It's the quiet ones you have to worry about. You think they're at their desks looking at spreadsheets and being good pencil pushers, then you find out they've really been planning total domination.
In the case of mild-mannered Dale Irwin of Van Buren, Indiana, his plot centered on a certain '65 Mustang fastback and building it into an after-dark street predator. As it turns out, Dale has a talent not only as a desk jockey, but also as an automotive engineer. The real story of his car isn't the long list of trick parts installed on it, but what he did with those parts to set this car off from the rest of the street-machine genre.
Dale began with the look he wanted-a clean exterior highlighted by a set of Maier Racing fender flares to allow big patches of vulcanized Goodyear Eagle F1 rubber to reside inside. From there, he went where most car builds should, chassis and handling. Dale cabbaged on to an independent rear suspension system from the venerable '00 Cobra R racing program, complete with 3.55 Gerodisc posi and 31-spline axles. Up front, a complete Chris Alston coilover tubular front suspension and Stainless Steel Brakes' Force 10 disc conversion were chosen to handle the soon-to-be-added horsepower. That's about as far as the build got before Dale's inner engineer took over.
He started with a DVS Restorations IRS installation kit and heavily modified both the kit and the car to accept the massive 17x11-inch Vintage Wheel Works Vintage 45 rims. With some help from the machining experts at Jennerjahn Machine, he reengineered the mounting and even removed the spring perch from the lower control arms for a much smoother install.
About this time, Dale found a deal on an '03 Mustang GT 4.6 2V engine and 4R70W with less than 10 miles on them. Mounting the wide motor in the '65 chassis meant his TCP goodies wouldn't fit in the front as planned, so he began reengineering the front suspension and moved it out to allow for the wider motor to sit down in the engine bay of the '65. This required Dale to design his own shock towers and weld them in place. At the same time, he custom engineered his own power rack-and-pinion system that not only worked with his original spindles, but also allowed for a better turning radius. Careful engineering allowed Dale to improve the car's roll center and all but eliminate bumpsteer.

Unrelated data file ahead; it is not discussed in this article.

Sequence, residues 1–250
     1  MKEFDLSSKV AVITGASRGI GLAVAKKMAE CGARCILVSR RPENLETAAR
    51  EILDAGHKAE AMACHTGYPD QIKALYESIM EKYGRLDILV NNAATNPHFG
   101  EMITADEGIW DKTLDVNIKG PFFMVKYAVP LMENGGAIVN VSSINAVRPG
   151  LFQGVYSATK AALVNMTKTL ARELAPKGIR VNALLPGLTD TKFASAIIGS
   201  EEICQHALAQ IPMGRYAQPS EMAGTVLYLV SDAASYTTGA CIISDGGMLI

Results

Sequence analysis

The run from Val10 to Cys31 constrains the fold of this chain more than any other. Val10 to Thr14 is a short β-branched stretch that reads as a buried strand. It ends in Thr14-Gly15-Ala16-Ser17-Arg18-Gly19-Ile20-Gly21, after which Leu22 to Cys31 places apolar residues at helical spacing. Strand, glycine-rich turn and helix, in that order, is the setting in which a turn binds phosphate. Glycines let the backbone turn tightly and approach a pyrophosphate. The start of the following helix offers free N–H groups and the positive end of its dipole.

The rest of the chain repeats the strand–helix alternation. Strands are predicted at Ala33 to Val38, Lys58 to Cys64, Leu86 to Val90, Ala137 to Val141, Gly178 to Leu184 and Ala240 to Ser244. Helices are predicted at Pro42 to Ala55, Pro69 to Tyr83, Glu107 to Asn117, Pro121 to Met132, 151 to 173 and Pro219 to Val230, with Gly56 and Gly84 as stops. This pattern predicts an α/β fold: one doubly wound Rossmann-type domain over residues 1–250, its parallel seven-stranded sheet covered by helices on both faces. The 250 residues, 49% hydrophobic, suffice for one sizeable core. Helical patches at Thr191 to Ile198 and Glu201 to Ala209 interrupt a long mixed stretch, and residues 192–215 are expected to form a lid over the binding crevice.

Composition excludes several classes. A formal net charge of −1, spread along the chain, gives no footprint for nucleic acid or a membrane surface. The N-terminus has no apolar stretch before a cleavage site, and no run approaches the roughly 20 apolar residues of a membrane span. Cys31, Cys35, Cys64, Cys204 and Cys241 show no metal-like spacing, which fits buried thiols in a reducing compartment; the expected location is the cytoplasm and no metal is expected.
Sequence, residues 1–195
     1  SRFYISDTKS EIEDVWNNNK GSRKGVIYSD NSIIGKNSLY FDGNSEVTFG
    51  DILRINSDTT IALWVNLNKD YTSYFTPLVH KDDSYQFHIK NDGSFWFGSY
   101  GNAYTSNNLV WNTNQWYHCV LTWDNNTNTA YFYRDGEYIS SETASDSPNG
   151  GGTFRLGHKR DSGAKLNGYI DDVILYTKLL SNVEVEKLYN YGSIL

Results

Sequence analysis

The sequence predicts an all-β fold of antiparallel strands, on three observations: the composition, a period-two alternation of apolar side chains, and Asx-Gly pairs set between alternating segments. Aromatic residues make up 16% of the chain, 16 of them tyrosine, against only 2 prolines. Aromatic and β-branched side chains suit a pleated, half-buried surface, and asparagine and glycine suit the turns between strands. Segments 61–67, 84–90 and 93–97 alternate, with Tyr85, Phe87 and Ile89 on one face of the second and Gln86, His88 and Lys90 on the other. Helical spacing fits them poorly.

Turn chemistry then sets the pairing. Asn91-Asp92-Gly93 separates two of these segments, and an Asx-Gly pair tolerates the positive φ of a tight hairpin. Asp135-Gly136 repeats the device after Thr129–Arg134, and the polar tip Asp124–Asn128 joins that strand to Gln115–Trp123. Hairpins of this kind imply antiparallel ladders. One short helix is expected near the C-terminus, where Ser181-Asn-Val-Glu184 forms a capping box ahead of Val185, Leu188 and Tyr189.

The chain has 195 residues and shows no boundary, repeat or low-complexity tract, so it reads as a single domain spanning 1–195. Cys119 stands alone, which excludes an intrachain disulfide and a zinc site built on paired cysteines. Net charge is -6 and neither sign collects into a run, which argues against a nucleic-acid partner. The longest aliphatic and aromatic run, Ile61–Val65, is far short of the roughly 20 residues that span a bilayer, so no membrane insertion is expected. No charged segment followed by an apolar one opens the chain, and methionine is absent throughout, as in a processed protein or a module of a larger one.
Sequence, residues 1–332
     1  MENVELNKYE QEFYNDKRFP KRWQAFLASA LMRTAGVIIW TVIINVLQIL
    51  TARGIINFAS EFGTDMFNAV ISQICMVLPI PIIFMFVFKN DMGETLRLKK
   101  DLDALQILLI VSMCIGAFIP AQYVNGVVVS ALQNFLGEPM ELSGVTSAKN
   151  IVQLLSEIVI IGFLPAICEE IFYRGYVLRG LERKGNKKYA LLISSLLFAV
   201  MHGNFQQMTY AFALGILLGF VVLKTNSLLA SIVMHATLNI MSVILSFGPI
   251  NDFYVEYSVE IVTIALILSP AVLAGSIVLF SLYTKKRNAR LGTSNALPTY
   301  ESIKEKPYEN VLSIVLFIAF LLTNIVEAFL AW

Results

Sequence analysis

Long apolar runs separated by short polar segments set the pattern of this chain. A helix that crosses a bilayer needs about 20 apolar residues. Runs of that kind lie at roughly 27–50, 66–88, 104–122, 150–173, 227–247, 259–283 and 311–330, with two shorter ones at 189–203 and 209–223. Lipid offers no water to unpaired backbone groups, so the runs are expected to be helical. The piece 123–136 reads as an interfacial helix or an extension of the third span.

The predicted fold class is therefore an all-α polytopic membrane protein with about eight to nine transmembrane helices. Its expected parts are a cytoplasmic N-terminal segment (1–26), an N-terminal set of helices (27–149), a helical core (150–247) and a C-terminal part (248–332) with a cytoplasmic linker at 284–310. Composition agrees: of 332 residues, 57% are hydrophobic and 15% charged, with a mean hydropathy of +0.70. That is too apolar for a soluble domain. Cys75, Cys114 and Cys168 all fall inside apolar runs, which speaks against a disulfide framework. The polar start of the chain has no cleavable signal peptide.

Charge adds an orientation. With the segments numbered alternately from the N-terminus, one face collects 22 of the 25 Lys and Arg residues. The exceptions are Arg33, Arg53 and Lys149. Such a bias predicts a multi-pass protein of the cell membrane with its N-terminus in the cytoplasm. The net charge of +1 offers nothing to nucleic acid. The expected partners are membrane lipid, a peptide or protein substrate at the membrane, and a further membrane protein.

Boost Is Good
With the 4.6 engine in place, Dale got to work getting it ready to provide horsepower to the big rear tires. First, an Eaton M90 supercharger was installed on the less-than-10-mile motor. Then there was a trip to Danville, Illinois, to see Brad Edington with Total Performance for an ACCEL Gen 7 computer, dual Walbro electric fuel pumps, a set of 42-lb/hr injectors, and Aeromotive fuel rails. The exhaust is handled by a set of Ford Racing Performance Parts shorty headers, Flowmaster mufflers, and a custom 21/2-inch aluminized exhaust system exiting the original GT trumpet holes.
A Baumann Engineering electronic transmission controller was employed to provide computer shifting duties. The '65's chassis allowed Dale a little engineering convenience as well. He built some custom cages for the torque box area that not only strengthen the chassis, but also hold a pair of Derale coolers with electric fans-one for the transmission and one for the intercooler. McCoarts' Auto in Somerset, Indiana, custom plumbed the late-model hydroboost system and brakes. Dale custom engineered the three-point chassis brace to fit the new go-fast goodies residing underhood.